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Sep 1, 2014

Every hiring manager has a story about someone who has botched a job interview or torpedoed a career due to thoughtless comments on social media sites.

I know someone whose close friend, a technical writer, lost his job after making negative comments about his company’s investment prospects on MySpace (remember them?).

Few people think twice about posting embarrassing party pictures on their Facebook pages or casual trash-talk on Twitter. However, your prospective employer or current company also has an online presence, so you are the face of the company. Accordingly, they may keep an eye on you, which is not tough when you voluntarily post content for the world to see.

Danger from wasted time

As your mother always taught you: don’t bite the hand that feeds you. Moreover, if you can’t say something nice, don’t say anything at all.

As painful as harpooning yourself can be, wasted time represents the true danger here.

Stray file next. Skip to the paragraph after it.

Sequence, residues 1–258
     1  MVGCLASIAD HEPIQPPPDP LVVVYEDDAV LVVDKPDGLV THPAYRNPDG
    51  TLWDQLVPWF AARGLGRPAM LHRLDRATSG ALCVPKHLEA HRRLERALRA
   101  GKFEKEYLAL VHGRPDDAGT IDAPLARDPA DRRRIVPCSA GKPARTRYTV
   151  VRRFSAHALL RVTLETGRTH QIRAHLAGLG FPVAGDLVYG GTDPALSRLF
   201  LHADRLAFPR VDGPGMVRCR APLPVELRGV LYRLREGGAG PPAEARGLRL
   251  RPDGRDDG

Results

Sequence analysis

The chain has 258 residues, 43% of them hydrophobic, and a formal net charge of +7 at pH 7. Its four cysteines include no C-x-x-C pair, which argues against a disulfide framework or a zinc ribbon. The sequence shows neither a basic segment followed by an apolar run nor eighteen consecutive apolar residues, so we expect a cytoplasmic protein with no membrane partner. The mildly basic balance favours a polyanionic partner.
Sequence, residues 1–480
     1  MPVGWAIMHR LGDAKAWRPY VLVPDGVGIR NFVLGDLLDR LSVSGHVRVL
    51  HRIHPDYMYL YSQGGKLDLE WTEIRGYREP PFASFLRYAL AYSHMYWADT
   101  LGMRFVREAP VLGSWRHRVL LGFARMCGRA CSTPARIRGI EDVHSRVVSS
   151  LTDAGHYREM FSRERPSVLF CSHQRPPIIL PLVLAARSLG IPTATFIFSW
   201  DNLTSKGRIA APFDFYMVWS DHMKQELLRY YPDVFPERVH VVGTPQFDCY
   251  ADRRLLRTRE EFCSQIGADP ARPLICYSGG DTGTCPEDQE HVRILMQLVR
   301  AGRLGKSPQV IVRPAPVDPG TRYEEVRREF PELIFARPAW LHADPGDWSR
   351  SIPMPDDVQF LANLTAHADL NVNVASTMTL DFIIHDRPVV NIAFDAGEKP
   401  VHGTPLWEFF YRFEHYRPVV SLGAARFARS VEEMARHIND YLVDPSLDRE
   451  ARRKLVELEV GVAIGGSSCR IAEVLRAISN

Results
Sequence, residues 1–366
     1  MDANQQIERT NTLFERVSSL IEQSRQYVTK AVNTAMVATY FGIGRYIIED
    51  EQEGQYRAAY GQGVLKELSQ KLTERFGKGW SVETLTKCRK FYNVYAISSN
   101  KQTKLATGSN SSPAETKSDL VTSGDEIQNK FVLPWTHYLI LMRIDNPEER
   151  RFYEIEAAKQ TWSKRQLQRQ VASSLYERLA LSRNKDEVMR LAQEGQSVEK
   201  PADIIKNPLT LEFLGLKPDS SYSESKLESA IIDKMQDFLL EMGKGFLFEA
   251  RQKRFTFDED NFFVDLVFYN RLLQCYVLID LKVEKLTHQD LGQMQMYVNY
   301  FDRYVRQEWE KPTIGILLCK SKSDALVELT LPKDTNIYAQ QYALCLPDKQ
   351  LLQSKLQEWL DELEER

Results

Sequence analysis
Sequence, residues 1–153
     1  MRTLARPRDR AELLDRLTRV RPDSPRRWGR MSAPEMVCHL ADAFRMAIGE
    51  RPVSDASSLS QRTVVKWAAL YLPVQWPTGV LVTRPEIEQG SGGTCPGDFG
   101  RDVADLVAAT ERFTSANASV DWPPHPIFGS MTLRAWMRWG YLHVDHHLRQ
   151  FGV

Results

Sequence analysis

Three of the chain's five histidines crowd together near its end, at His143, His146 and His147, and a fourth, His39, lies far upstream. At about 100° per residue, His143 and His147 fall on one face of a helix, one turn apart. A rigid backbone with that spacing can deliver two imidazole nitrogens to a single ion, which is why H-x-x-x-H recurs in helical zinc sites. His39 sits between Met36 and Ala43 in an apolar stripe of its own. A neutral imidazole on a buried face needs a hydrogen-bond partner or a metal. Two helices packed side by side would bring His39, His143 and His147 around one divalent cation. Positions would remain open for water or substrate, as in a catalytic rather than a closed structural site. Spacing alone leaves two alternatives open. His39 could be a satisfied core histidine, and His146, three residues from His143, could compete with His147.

© iQoncept -
© iQoncept –

Yes, I use social media, and you may use social media at work for valid reasons: you are in marketing; you are in HR trying to recruit people to your company; you are an entrepreneur reaching out to prospects to gain more business; you are networking for a new job; or you are staying in touch with customers.

However, many uses of social media aren’t work-related and represent wasted time. The traditional work-year clocks in at 2,080 hours, or 260 work days annually. Suppose you spend 10 minutes each work day Tweeting or checking Facebook when you should be working? That comes to 2,600 minutes a year — over 43 work-hours, down the drain.

If your manager decided to deduct that at the end of the year, you’d have over a week less PTO.

Social media has a bad ROI

Unless social media provides part of your income or your job requires you to monitor it, then it has a lousy Return on Investment. Even if you do use it sensibly at work, it may still have a poor ROI. Do you know the time you spend on it yields correspondingly high results?

You’d kick anything else with a bad ROI to the curb, so if it isn’t providing proven results, tune out, drop out, and refocus on what matters.

Save Facebook, Twitter, and the Pinterest for your non-work time. Even then, take care what you post — because everyone’s on the Internet nowadays.

Does social media provide a high ROI for you? How do you keep your social media usage in check?

This was originally published on Laura Stack’s The Productivity Pro blog.

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